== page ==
The new application window will close on Feb. 1. The COVID Rent Relief Program is not first come, first served. The DHCR will prioritize eligible households with “greatest economic and social need.”

Residents who applied for rent relief earlier won’t have to reapply to be reconsidered. The DHCR will re-evaluate all applications that were previously denied according to the new criteria and issue revised determination letters to applicants.

If a resident’s application had already been approved with the first application window, and you’re the landlord who has received or will receive a subsidy award on the resident’s behalf, the resident can’t reapply for additional assistance under the COVID Rent Relief Program. The extended COVID Rent Relief Program expands eligibility criteria, but wouldn’t result in a larger subsidy award than what households received under the prior program.

Subsidy Amounts

The rental subsidy covers only a portion of the monthly rent during the coverage period (April 2020 to July 31, 2020). The rental subsidy will be paid directly to the owner. And the resident is still responsible for the remaining balance of the monthly rent.

The subsidy for eligible applicants is calculated as the difference between the household’s rent burden on March 1, 2020, and the household’s rent burden during the months of April, May, June, and July of 2020. For applicants who weren’t considered rent burdened on March 1, 2020, the subsidy will be calculated to bring them to the 30 percent rent burden threshold.

If a household has paid all or some of their rent during the period of April 1, 2020, through July 31, 2020, and are eligible, they may still receive assistance. If a household is selected to receive COVID Rent Relief, and they have already paid all or a portion of their rent, they may choose to have their owner treat the relief as rent for one or more months for any rent that is owed or becomes due after the coverage period.

How to Apply

Applications are available on the COVID Rent Relief Program portal on HCR’s website at Residents who need help or have questions about their application can contact HCR’s COVID Rent Relief Program Call Center for assistance at 1-833-499-0318 or Call Center representatives are available Monday through Friday 8:30 a.m. until 5 p.m.

HCR will also allow to applicants who are unable or uncomfortable applying online to do so over the phone rather than by mail. The Call Center can assist in completing the application. 



COVID Relief Package Includes Emergency Rental Assistance Program;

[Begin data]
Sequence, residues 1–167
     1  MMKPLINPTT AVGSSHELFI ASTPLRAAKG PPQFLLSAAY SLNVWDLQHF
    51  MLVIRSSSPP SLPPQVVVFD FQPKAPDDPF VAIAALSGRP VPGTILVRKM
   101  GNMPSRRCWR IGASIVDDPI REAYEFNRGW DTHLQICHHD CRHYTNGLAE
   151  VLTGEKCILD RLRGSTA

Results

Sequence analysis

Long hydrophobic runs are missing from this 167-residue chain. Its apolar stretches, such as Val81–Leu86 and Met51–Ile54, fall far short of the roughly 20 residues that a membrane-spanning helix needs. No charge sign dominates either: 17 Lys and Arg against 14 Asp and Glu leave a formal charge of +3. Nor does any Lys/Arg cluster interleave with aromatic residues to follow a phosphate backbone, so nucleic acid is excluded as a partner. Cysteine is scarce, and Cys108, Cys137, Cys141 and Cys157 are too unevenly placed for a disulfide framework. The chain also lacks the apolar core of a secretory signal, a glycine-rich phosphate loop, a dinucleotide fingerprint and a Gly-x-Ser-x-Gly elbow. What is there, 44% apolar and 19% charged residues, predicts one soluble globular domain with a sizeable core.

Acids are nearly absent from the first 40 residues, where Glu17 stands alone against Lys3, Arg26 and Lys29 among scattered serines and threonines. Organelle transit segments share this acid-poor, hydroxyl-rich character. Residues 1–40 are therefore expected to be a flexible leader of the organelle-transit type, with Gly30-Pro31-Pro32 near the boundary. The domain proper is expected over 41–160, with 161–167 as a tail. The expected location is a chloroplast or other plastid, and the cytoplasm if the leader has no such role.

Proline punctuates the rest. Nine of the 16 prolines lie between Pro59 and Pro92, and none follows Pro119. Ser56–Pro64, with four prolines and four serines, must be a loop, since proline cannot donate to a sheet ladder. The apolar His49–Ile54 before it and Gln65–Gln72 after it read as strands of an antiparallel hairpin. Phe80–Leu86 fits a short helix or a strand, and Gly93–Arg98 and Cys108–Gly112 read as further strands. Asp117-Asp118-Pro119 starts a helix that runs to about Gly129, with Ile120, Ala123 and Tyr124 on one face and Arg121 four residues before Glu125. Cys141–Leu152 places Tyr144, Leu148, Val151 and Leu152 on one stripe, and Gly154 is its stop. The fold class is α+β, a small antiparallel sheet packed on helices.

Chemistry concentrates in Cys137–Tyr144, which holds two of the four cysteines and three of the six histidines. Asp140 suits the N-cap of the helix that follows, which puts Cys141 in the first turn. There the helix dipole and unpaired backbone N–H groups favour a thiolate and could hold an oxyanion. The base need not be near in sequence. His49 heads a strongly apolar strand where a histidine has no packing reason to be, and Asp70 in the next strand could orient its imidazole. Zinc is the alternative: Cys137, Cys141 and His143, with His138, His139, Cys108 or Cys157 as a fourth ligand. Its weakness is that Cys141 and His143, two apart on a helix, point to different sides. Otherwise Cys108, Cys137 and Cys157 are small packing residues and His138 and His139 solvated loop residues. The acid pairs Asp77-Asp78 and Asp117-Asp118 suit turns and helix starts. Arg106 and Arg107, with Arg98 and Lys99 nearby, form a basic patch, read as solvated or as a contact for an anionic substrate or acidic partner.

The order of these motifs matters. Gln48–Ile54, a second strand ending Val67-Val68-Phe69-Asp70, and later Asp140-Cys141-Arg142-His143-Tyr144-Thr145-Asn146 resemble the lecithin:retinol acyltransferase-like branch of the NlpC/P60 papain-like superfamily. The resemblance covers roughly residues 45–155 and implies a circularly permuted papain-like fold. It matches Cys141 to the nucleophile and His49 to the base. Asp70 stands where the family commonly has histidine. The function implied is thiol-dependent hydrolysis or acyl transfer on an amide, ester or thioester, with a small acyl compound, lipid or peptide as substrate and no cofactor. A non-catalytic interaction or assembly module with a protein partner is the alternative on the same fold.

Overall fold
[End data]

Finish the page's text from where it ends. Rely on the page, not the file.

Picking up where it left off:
President Biden Pledges Additional Funding

In late December 2020, Congress passed the Consolidated Appropriations Act, the year-end omnibus legislation, which included appropriations for all federal departments and agencies, tax provisions, and much-needed COVID-19 relief. On Jan. 5, the Treasury Department launched the Emergency Rental Assistance program established by the Consolidated Appropriations Act, making available $25 billion to assist households that are unable to pay rent and utilities due to the COVID-19 pandemic. The legislation groups renters and owners together with funds to keep at-risk renters in their units while also protecting property owners from losing their businesses.

New York State is expected to receive at least about $1.3 billion of the federal allocation for rent relief. And additional funding is likely, as President Biden has pledged it in his American Rescue Plan. Biden has called the $25 billion allocated by Congress an “important down payment on the back rent accrued during the crisis” but “insufficient to meet the scale of the need.” The plan cites the fact that American families already owe $25 billion in back rent, and the threat of widespread evictions will still exist at the end of January.


What Types of Assistance Can Eligible Households Receive?

At least 90 percent of the funds must be used to provide financial assistance, including back and forward rent and utility payments and other housing expenses that were incurred due, directly or indirectly, to the pandemic.

Assistance can be provided for 12 months. States and localities can provide an additional three months of assistance “if necessary to ensure housing stability for a household.”